Ever since news organizations laid their collective egg in the 1988 presidential election, the second-guessers have had a field day lecturing the press on how it should retool their political coverage.
The latest batch of ideas comes from Harvard's Kennedy School of Government, more specifically the Joan Shorenstein Barone Center on the Press, Politics and Public Policy.
Its report, "Campaign Lessons for '92", has grand academic-media-foundation trappings, crafted by working and former journalists and funded by the Markle Foundation and the National Education Association.
The document is a little preachy but deserves attention because coverage of the 1992 election campaign has begun, and because almost all the suggestions are solid and doable, if not exactly brand new ideas.
The Harvard folks give credit to Sissela Bok, the eloquent ethnicist, for the concept on which this three-year project was based.
The Bok thesis: "There are three 'vicious cicles' at play in any political campaign; the people, the politicians, and the press . . . . If any of these thre systems could be changed for the better, the other two would be similarly affected," explains Marvin Kalb, Barone Center chief. Bok's ultimate motive: Who knows, a press more attuned to the voting public just might entice more people to the polls.
The report is primarily the work of Ellen Hume, former Los Angeles Times and Wall Street Journal reporter and executive director of the Shorenstein Center; John Ellis, former NBC political analyst and nephew of the president; Carter Wilkie, researcher and writer, with an editing assist from Marvin Kalb. The fingerprints of David Broder, the industry's high priest of political reporting, are also all over this research.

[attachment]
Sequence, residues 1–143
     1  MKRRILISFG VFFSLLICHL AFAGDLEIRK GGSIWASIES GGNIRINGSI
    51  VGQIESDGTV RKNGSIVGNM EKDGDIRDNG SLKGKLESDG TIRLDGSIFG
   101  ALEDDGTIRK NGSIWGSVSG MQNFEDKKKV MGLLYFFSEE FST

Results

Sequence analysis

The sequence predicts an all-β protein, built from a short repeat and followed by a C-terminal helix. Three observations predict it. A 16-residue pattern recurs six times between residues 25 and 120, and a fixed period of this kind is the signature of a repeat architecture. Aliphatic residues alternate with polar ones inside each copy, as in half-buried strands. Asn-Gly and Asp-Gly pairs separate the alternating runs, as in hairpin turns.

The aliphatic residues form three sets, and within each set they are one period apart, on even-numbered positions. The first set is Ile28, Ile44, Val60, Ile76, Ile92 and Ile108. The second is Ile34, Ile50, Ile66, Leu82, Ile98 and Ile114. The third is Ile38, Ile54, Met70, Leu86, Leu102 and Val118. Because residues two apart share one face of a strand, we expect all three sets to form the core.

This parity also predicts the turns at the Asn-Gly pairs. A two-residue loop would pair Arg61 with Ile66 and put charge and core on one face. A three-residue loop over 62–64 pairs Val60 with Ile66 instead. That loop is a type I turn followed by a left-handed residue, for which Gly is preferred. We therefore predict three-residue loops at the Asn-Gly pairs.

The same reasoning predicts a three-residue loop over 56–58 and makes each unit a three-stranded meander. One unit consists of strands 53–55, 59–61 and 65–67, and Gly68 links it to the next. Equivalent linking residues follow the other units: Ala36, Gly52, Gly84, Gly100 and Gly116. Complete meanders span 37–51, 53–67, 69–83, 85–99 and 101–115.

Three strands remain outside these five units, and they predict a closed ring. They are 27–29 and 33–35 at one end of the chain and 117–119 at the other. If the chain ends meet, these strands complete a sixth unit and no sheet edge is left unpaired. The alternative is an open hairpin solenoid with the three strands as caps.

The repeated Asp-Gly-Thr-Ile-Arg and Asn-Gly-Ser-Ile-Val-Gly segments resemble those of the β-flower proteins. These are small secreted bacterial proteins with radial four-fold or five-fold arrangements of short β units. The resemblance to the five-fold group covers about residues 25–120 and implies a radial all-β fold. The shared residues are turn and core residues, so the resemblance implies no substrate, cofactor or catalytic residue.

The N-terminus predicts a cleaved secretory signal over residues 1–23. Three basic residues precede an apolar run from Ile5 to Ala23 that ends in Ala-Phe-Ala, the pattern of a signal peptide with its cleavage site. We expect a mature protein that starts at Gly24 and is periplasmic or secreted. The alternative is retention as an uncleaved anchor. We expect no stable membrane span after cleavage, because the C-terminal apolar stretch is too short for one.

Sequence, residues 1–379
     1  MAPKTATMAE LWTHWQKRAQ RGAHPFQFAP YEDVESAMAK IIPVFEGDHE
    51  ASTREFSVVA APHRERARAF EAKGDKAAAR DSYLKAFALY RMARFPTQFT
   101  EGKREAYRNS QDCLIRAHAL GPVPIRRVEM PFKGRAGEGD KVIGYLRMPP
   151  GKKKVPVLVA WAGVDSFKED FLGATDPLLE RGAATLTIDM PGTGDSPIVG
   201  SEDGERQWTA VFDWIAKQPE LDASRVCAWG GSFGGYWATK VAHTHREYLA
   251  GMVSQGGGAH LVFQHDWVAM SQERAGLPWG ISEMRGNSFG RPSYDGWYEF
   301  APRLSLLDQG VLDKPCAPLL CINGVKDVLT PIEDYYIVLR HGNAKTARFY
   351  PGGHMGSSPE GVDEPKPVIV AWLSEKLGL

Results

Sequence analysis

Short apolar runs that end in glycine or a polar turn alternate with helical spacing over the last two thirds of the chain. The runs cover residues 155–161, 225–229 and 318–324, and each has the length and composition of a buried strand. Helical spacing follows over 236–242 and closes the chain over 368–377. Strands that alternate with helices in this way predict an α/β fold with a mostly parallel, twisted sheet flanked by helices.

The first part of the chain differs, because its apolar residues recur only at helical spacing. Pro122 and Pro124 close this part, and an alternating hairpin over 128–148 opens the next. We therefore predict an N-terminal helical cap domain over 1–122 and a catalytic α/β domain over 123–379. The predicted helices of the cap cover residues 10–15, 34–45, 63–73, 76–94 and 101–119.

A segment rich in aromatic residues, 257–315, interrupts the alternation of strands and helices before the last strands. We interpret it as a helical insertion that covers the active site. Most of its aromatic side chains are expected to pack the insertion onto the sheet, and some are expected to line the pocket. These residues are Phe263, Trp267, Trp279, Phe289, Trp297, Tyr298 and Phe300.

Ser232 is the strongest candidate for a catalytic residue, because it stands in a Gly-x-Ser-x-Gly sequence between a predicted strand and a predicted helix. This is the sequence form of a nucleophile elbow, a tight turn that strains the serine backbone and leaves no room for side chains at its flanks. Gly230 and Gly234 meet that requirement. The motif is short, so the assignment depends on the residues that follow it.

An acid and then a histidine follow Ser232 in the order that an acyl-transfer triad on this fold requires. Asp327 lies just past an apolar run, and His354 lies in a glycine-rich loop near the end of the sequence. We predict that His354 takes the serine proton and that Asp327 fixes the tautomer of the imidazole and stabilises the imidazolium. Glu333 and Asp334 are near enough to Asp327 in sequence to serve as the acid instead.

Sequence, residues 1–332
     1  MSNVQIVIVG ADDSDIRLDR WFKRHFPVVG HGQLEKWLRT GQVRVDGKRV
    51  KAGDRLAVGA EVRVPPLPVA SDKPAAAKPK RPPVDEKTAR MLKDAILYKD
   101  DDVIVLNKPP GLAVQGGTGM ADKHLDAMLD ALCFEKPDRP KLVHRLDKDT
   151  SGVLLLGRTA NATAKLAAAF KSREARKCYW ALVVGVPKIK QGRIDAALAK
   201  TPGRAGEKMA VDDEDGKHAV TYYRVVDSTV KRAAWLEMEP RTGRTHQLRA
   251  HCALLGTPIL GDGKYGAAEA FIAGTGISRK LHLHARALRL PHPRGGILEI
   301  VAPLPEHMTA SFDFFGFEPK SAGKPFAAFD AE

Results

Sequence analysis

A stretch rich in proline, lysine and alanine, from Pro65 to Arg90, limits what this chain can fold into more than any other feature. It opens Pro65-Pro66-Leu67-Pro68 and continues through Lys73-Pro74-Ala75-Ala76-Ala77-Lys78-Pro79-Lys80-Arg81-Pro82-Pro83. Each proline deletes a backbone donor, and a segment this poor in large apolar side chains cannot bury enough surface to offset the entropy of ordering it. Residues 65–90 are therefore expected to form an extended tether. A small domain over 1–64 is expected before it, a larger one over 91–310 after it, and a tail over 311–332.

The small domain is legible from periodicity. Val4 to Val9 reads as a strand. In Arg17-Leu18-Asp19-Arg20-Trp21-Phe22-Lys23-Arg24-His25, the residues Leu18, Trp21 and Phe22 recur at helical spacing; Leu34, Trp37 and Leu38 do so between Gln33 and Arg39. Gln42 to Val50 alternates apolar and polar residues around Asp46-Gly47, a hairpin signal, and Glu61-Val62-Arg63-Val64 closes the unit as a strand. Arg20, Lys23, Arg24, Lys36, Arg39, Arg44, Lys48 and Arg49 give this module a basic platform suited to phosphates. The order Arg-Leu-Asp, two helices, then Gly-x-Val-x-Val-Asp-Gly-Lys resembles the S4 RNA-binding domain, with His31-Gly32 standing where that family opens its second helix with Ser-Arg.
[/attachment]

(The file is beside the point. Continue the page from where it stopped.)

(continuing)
The theme: "If a single overriding theme emerges from this work, it is a concern that campaigns have become distant from the conerns of voters; that a 'disconnect' has developed between the electorate and their prospective leaders, and that journalism, rather than bridging that gap, has helped create and sustain it. The belief that voters are in some ways alienated from the campaign process is a profoundly serious charge in a democracy."
Change comes so hard in our business and the stakes are so vital to us and to the electoral process that the study's recommendation deserves repeating again and again. News organizations should:
* Establish a baseline agenda to monitor relevance and balance in the news coverage. This agenda would be based on ideas, values and concerns not so much of the press but those of voters. This initial agenda could help discourage overattention to the "manufactured" news as the campaign moves along.
* Take senior reporters off the campaign plane, leaving the day-to-day spot coverage to "pools," photos and audio from the traveling campaign. …